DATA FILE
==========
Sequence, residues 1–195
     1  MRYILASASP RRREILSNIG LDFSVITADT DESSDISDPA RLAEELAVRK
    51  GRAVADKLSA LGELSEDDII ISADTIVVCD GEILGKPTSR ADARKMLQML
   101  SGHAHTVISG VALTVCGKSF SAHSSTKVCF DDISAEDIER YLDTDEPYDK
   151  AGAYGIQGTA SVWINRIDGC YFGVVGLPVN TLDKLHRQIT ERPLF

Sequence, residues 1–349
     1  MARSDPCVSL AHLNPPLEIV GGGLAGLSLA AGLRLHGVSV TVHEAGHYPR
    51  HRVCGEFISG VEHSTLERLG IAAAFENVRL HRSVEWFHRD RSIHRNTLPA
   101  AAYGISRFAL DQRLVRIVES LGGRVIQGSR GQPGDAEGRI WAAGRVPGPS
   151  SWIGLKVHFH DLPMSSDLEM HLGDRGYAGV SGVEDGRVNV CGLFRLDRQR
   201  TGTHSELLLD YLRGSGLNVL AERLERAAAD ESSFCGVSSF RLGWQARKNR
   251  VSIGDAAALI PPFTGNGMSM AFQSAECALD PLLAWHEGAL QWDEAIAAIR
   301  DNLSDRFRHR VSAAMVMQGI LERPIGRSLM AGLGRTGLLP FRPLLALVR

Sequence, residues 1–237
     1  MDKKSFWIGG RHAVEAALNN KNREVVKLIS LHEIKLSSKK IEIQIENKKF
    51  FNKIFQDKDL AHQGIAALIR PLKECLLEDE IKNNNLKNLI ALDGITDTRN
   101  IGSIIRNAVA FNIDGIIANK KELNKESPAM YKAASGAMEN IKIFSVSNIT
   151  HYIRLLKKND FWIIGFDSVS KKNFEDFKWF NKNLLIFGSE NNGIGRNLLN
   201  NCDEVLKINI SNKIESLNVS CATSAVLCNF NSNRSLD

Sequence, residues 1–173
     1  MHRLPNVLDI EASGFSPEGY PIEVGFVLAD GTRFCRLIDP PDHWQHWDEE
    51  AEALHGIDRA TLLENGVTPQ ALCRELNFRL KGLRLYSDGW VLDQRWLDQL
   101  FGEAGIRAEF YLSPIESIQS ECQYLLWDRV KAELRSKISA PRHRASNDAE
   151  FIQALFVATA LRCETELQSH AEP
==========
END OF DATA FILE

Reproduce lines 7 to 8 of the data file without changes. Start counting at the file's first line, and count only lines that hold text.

     1  MARSDPCVSL AHLNPPLEIV GGGLAGLSLA AGLRLHGVSV TVHEAGHYPR
    51  HRVCGEFISG VEHSTLERLG IAAAFENVRL HRSVEWFHRD RSIHRNTLPA